You start the exercise with the factuality that this is an invitation-only process.
When it comes to Kevin Durant, Donovan Mitchell and the possibility of either being dealt, the Brooklyn Nets and Utah Jazz, respectively, control the market.
And yet, the buzz at NBA summer league in recent days has been as much about the Miami Heat as the Las Vegas heat (true story, security guard Thursday at the Thomas & Mack Center, “It looks like it’s going down to 104 tomorrow.”)
To a degree, Pat Riley again is looming over the basketball world, seemingly poised to pounce if the Nets make Durant available or the Jazz make Mitchell available at fair-market value.
And it well could come down to whether Brooklyn or Utah blink first.
In one swoop, a tepid Heat summer could match the swelter of Vegas, with plenty of elements that would have to come into play to make either option a possibility.
A look at the dual desirables from a Heat perspective:
Durant: Under contract for $44 million for the coming season. Under salary-cap rules, a team would have to send out at least $33 million in 2022-23 salaries, up to a maximum of $55 million in salaries (salaries must match for teams operating above the salary cap within 75 to 125 percent).
Mitchell: Under contract for $28.1 million for the coming season. Under salary-cap rules, a team would have to send out at least $21.1 million in 2023-23 salaries, up to a maximum of $35.1 million in salaries.
Durant: Has four seasons remaining on his contract, next to become a free agent in the 2026 offseason.
Mitchell: Has four seasons remaining on his contract, with the fourth season a player option. Can become a free agent in the 2025 or 26 offseasons.
Durant: Turns 34 on Sept. 29.
Mitchell: Turns 26 on Sept. 7.
Durant: 12-time All-Star, 2014 NBA Most Valuable Player, 2008 NBA Rookie of the Year, 10-time All-NBA, four-time NBA scoring champion, two-time NBA champion.
Mitchell: Three-time All-Star.
Durant: A Heat trade package likely would have to include either Bam Adebayo or Jimmy Butler (Kyle Lowry at age 36 would seem far less likely), with Adebayo eligible to land in Brooklyn only if Ben Simmons is moved by the Nets. The Heat likely would have to send out an overwhelming package of draft picks and draft-pick swaps, currently limited to dealing only two of their own future first-round picks.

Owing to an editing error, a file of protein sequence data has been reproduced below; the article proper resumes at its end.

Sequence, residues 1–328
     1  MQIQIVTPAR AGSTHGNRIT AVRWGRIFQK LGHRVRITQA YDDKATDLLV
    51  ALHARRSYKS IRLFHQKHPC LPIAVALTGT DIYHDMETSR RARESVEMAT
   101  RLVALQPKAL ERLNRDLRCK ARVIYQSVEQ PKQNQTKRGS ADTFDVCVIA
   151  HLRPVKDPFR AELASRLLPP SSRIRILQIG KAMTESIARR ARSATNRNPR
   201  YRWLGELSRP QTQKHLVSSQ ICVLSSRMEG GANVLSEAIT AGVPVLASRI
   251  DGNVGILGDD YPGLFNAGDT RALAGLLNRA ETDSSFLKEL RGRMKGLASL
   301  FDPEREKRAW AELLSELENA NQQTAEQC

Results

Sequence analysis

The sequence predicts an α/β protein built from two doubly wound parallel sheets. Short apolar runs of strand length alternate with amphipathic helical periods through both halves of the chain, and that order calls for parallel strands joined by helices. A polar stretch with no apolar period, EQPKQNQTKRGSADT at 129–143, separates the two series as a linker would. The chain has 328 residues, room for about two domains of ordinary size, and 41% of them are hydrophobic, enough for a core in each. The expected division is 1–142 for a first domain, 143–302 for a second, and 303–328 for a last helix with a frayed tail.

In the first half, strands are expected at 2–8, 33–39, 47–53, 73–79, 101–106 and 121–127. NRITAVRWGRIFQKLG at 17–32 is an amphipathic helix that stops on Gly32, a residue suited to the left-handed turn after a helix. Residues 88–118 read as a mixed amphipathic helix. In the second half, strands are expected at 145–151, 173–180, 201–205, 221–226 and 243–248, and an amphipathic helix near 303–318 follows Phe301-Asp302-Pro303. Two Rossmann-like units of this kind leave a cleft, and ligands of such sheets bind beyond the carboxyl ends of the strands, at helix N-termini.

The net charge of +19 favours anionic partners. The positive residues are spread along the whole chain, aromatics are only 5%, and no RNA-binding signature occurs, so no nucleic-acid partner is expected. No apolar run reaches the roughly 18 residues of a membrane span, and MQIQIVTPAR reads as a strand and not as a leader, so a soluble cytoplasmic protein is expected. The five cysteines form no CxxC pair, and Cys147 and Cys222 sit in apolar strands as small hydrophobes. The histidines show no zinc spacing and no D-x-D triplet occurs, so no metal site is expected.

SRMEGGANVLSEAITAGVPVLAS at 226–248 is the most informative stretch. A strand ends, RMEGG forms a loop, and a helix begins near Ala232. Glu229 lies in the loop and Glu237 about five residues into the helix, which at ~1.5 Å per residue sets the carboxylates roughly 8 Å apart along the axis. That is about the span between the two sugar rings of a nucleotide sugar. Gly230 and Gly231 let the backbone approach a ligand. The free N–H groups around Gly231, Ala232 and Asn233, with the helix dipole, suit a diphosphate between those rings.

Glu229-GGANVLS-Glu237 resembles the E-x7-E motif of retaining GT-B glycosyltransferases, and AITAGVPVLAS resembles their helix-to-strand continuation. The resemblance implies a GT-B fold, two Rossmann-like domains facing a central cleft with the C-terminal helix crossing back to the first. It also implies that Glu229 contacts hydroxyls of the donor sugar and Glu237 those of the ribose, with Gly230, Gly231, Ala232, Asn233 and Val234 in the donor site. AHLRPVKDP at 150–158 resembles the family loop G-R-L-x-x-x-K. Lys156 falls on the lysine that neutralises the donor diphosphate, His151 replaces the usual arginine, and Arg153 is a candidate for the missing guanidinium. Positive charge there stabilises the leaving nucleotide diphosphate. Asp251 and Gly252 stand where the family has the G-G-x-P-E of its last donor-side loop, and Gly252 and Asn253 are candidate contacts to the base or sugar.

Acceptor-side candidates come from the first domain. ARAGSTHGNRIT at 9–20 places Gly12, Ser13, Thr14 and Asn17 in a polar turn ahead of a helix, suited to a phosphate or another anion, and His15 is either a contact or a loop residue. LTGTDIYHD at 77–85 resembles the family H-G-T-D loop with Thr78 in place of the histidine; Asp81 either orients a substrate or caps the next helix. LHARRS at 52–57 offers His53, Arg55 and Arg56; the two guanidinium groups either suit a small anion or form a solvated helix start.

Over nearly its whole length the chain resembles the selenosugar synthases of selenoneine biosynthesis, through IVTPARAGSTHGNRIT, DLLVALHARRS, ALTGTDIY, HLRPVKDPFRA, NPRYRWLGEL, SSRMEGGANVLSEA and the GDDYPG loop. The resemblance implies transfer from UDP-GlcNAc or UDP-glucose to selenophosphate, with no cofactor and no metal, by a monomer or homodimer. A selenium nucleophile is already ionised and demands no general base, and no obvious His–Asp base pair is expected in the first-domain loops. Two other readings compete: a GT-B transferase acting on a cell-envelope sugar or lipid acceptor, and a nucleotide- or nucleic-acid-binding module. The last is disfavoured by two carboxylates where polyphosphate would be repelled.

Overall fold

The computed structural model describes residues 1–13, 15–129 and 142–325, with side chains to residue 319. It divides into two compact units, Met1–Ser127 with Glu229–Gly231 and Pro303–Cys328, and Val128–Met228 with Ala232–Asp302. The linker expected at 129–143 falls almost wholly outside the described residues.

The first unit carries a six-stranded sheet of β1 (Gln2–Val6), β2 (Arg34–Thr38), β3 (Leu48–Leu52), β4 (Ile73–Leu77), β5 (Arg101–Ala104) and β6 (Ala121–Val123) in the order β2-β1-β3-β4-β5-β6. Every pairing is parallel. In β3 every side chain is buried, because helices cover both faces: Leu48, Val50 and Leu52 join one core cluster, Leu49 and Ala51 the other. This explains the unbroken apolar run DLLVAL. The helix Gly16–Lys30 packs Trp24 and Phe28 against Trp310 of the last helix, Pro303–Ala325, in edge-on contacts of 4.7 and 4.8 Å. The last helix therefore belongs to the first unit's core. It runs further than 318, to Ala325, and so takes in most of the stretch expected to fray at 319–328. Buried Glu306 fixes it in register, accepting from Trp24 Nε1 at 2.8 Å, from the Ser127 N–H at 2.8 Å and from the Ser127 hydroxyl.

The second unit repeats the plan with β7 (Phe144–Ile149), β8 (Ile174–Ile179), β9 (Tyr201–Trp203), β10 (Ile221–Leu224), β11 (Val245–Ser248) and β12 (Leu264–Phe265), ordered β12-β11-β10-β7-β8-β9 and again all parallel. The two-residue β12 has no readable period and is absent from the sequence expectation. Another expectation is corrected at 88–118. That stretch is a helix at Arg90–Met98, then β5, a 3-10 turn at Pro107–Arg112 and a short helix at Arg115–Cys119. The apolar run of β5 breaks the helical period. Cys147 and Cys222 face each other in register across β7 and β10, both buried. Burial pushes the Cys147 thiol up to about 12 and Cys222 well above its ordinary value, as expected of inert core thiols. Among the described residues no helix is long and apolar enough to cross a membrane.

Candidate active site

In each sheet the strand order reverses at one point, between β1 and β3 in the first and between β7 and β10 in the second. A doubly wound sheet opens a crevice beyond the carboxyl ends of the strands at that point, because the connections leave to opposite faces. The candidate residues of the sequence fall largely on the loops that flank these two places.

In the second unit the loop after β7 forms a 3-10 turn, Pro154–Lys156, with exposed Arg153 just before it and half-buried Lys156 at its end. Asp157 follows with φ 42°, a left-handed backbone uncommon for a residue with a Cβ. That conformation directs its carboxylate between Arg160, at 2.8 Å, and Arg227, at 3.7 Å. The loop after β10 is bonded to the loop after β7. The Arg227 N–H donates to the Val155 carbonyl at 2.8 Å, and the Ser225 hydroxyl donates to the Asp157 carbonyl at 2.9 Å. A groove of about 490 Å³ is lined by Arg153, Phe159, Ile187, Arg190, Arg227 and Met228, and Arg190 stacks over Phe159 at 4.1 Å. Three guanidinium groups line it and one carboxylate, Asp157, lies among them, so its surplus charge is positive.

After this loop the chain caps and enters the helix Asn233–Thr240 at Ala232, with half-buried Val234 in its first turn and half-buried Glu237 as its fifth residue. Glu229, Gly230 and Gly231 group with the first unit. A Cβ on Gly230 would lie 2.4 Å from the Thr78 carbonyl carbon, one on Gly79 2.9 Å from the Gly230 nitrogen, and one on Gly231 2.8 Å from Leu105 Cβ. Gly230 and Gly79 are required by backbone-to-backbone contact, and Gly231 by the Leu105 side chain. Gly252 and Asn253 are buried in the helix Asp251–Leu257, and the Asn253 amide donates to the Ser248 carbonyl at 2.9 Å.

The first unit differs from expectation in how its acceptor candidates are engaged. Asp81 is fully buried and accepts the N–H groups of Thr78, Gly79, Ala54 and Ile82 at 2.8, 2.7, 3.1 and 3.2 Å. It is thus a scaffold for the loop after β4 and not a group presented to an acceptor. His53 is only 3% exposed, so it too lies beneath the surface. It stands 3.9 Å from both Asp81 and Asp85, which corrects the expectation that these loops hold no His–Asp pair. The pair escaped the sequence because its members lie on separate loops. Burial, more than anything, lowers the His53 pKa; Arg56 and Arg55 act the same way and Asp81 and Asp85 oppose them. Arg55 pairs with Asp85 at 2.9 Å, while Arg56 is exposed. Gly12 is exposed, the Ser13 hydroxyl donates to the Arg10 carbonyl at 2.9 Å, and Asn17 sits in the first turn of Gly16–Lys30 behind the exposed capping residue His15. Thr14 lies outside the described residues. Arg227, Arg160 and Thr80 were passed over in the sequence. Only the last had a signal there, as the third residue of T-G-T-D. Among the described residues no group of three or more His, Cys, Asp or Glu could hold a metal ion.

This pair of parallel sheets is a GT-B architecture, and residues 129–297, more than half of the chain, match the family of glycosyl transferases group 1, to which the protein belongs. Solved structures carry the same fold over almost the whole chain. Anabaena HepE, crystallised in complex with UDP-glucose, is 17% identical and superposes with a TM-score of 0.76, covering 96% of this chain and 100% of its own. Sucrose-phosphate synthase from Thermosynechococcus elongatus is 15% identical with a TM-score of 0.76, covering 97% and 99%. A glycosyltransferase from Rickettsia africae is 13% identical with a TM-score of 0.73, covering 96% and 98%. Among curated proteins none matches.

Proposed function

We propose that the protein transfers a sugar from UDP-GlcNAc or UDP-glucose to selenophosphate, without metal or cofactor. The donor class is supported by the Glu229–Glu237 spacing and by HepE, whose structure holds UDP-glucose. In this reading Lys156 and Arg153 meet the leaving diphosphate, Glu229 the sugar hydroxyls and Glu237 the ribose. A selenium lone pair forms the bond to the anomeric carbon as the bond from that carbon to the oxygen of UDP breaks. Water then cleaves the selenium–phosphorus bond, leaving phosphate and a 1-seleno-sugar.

Mitchell: A Heat trade package likely would center on Tyler Herro, Duncan Robinson and must include at least one additional player to make salaries match. A significant package of draft picks also would be required.
Durant: Getting beyond the obvious that Durant instantly makes any team closer to a title contender, the Heat stand with a far greater need for a player who can take minutes at power forward. Any shooting lost with those sent out would immediately be replaced by Durant.
Mitchell: The talent upgrade would be undeniable, but in adding an undersized wing, the Heat still would find themselves at a power deficit. Such a deal would make the Heat better, but not necessarily whole.
Odds of trade
Durant: Adebayo is a factor here, including at least one highly influential member of the Heat who is reluctant to sign off. Even then, Adebayo and Simmons cannot both be on the Nets roster due to the rule that prohibits a team from having two players who have been acquired in a trade on maximum designated rookie-scale extension. Still, doubt Riley at your own risk after the acquisitions of Shaquille O’Neal, LeBron James and Butler.
Mitchell: The buzz is that the New York Knicks are all-in for a trade for Mitchell. So it could come down to whether a Knicks offer with RJ Barrett would trump a Heat offer built around Herro. The Knicks have access to a far more significant package of draft picks than the Heat currently have at their disposal.